WASHINGTON (7/9/13)--A recent dip in the U.S. foreign trade balance may impact the second-quarter gross domestic product (GDP) growth, a Credit Union National Association economist told The Washington Post Wednesday.
"The slight worsening of the balance of trade suggests our economy is growing faster than those of our trading partners," Bill Hampel, CUNA chief economist, told the Post in the article, "Drop in inventory sends U.S. crude oil prices over $100 a barrel," by Steven Mufson and Katerina Sokou.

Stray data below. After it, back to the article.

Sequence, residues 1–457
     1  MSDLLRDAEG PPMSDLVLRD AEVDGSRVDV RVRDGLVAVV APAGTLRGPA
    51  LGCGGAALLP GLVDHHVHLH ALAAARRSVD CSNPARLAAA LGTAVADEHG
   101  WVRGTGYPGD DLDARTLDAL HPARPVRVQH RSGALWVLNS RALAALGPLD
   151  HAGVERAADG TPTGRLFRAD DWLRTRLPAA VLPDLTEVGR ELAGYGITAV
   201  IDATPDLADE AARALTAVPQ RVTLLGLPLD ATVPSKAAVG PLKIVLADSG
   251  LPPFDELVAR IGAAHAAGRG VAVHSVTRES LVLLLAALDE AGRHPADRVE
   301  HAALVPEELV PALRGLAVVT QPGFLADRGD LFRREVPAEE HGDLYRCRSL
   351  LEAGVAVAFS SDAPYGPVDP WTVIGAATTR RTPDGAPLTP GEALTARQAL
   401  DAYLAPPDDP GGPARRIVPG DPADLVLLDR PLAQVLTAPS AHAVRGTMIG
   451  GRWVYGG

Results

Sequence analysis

The decline in exports may have a minor negative impact on second-quarter GDP growth this year or "at best have a neutral effect," he added.
U.S. imports rose to $232.1 billion in May--second only to record-level $234.3 billion in March 2012, the Post said.
Also, U.S. exports dropped 0.3%, to $187.1 billion in May from $187.6 billion in April, a decline prompted by economic weakness abroad, analysts said.